In OCSU, we have a group that meets regularly to discuss the initiatives that support our continuous improvement plan. This group is referred to as PALs (Peer Administrator Leaders). Over the past month or so, we have been discussing the various aspects of change and how we find the right balance when implementing our initiatives to consider what was/is valuable that our systems currently support and what is needed to make our systems stronger. This can be summarized as first order change versus second order change.
At our September 12th meeting, we compared and contrasted the differences of first and second order change within the organization of school systems. The basics of these two types of change are simple. First order change is change that happens within existing structures and paradigms where the change is built on people’s existing knowledge, skills, values, and beliefs. This type of change is consistent, advantageous for stakeholders, and readily implementable. Second order change, on the other hand, is a break from what has historically been done. Second order change is complex, outside the norm, and contradicts the existing structures and paradigms of the organization, as well as the existing knowledge, skills, values, and beliefs of people within the organization. Furthermore, it is important to note that first order change is more of a formal process while second order change is viewed as a more informal process.
The PALs group spent some time and considered how first order change versus second order change might be perceived by people in the organization. The picture below represents some of our thinking:
For some time now, PBL in OCSU has been an example of second order change. Administrators and teachers have been what I like to say “playing in the sandbox.” They have been creating new assessments and learning scales that are in student friendly language, personalizing learning, developing proficiencies, and reporting out on student progress in new ways. PBL is clearly a break from the existing structures and models that made up public education in the 20th century that many educators are accustomed to.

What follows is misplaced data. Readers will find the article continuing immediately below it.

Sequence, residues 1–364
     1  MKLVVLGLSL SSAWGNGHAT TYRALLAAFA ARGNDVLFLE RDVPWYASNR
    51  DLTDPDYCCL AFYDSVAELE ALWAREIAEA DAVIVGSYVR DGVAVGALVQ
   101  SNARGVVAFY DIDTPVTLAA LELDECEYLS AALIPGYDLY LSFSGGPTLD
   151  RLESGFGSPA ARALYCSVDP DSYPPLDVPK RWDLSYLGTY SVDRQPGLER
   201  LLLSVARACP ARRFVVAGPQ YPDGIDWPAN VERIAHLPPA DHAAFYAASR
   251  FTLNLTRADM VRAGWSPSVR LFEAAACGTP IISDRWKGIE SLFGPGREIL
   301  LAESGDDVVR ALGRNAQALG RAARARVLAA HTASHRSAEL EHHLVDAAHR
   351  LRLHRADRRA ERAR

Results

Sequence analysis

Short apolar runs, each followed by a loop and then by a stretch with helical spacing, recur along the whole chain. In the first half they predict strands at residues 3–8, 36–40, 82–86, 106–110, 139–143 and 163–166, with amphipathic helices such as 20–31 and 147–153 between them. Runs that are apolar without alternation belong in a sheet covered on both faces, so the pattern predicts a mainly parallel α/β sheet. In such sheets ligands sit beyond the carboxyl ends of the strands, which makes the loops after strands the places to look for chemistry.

When considering second order change, we need to think about how first order change may play a role, as well as those who may have lived in the first order change paradigm. It makes me think of the TedTalk on the “Myth of Average” by Todd Rose, which I encourage people to watch. Todd Rose asks us to consider the design process and how we need to design to the edges instead of designing to the middle or average. For educational purposes, I take that to mean that if we design a model of education that fits the average teacher or student instead of a model of education that is flexible and meets the needs of all stakeholders we will fail to be inclusive of their needs. However, if we design to the edge and incorporate all viewpoints, we can build our systems with a blend of “from the ground up” and the “top down.”
Needless to say, second order change is exciting and important work for our systems. The PALs crew, which consists of teacher leaders plans to continue to explore first and second order change as they work within the OCSU committees that are focused on: Curriculum & Assessment, Proficiency-Based Learning, Professional Learning, and EST/MTSS. The intention of these committees is to support the goals outlined in our Continuous Improvement Plan.